You should also note two measurements, the subwoofer’s top and bottom mounting depth which refers to the measurement from the top and bottom of the counting frame.
Step 3: Measure the Subwoofer’s Mounting Height
This involves measuring from the subwoofer’s mounting frame from the bottom to the highest projection point.
Place the subwoofer in a way that ensures the wide part of the cone faces up. Now, with the driver sitting upright, measure the distance using a tape measure or ruler. The measurement should begin from the bottom of the sub up to the flat metal or piece of plastic around the cone, known as the mounting frame.
When measuring from the mounting plate’s bottom to the highest point of the sub, look at it from the side to find out how far it extends from the mounting frame.
Please remember that you need this measurement to ensure your sub is kept safe. If the height extends too far, you could damage the sub. The sub shouldn’t be too tall for the place where you’re putting it. If it is, then the subwoofer won’t sit flush, which can lead to serious damage.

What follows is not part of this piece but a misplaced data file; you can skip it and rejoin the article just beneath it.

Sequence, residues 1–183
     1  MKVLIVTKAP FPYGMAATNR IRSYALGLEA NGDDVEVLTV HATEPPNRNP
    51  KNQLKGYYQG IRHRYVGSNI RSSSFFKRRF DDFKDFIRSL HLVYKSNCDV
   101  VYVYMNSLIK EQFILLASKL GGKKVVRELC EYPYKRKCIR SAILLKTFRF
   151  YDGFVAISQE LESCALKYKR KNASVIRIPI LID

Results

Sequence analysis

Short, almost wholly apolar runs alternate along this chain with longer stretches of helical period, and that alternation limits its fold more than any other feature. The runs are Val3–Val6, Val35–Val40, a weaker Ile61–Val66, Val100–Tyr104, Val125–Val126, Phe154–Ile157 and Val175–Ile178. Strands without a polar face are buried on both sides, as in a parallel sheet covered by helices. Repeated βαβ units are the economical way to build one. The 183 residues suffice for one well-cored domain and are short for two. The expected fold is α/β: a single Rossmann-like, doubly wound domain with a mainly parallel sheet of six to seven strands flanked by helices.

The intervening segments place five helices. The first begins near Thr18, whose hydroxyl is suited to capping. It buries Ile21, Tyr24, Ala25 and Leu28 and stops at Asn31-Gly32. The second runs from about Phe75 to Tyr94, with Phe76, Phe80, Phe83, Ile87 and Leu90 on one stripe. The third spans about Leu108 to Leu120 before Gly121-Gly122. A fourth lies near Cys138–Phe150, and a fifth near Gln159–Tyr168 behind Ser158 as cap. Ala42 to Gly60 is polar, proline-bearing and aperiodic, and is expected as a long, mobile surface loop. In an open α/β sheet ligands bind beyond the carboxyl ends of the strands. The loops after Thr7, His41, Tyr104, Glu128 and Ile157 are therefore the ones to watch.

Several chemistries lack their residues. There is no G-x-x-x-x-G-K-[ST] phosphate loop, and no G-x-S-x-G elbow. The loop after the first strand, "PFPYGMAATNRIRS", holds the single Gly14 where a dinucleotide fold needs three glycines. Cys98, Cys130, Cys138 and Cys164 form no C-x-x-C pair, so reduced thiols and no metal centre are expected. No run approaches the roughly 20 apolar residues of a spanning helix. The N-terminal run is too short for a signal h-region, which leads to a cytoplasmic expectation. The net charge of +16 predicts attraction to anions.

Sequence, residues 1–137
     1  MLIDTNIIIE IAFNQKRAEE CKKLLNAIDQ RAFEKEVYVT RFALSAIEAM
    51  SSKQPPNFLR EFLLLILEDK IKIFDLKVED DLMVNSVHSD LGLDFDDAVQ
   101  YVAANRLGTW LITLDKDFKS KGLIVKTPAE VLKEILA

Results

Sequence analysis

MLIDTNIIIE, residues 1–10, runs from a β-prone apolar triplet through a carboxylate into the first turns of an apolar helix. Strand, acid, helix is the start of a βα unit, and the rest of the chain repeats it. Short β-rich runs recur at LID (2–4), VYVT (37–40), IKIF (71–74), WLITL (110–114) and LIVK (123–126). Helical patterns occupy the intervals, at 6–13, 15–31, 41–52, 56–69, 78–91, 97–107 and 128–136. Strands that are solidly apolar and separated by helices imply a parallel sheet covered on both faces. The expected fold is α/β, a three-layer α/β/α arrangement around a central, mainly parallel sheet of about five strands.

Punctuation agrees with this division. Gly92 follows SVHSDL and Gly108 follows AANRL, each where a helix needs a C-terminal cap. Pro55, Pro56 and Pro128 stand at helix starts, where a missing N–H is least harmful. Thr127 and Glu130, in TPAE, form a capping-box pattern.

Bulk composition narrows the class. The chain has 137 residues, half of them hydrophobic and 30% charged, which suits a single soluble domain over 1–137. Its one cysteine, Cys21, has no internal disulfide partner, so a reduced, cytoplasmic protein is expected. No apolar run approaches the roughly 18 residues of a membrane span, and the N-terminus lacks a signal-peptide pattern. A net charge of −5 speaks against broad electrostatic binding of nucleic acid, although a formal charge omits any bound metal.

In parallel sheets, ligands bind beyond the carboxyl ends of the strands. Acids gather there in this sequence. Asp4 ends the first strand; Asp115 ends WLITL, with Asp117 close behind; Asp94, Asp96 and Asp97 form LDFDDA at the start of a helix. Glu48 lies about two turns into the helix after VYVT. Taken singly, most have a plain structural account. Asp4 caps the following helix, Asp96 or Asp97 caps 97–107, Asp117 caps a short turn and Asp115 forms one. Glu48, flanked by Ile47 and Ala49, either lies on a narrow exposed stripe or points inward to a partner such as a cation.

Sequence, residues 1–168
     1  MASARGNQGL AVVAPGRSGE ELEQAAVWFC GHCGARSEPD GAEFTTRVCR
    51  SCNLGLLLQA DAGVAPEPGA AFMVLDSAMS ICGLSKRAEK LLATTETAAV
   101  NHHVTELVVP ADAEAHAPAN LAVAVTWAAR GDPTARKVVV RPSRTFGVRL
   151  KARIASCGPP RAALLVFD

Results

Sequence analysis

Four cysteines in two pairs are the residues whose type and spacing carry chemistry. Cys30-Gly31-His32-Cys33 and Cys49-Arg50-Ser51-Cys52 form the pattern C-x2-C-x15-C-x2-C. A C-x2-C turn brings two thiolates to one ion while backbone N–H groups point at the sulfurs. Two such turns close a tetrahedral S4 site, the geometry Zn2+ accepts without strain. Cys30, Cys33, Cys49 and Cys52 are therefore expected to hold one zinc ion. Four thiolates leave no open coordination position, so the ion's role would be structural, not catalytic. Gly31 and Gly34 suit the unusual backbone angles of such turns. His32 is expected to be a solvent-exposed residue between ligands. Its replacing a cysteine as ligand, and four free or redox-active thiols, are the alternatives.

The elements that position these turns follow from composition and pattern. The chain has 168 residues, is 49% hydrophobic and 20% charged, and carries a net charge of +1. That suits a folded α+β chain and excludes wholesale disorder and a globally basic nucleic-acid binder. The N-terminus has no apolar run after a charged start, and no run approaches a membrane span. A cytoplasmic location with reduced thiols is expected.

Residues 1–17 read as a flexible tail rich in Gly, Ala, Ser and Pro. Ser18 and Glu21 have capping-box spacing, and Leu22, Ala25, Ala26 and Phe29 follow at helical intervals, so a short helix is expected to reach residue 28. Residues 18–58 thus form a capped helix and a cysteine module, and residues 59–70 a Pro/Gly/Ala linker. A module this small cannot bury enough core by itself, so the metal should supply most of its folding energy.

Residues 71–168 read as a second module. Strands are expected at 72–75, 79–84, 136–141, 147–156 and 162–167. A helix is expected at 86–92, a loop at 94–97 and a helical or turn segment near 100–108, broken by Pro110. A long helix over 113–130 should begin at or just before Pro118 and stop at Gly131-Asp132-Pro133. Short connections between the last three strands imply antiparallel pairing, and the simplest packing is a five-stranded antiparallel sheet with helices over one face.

Step 4: Measure the Cutout Diameter
This is how you measure the subwoofer’s diameter. Flip the subwoofer speaker upside down to ensure the cone’s widest part faces down. Now measure the driver’s widest point from one mounting hole to another. Record the dimensions so that you don’t forget them when you need the details later.
Now let’s talk about how to measure a square subwoofer. Note that if the subwoofer isn’t round, you should take the measurements from the widest points of each side. If the sub has four mounting holes, measure the diameter from each mounting hole to the others diagonally across.
Method 2: Measure Mounting Holes
When you know the size of mounting holes of new subwoofers, you can choose a subwoofer that suits your enclosure.
However, the above method offers more value than this one since you can drill new holes to hold the new subwoofer, if necessary.
It’s a method that can help you as well, to measure your subwoofer accurately. If you want to try it out, here’s what you need to do:
Step 1: Determine the Mounting Hole’s Outer Diameter
Please find the most expansive area of the hole and position your measuring tape or ruler across it. Measure from one edge of the mounting hole to the opposite side.
Check the widest point on all sides in case the hole is not circular.
Step 2: Determine the Hole’s Inner Diameter
This step is critical if you can notice recessed lips in the place where you intend to mount your subwoofer.
This issue often makes the mounting frame lay flush. To measure the inner diameter, ensure you place your rule on one side of the hole. Determine the length by measuring straight across to the opposite side.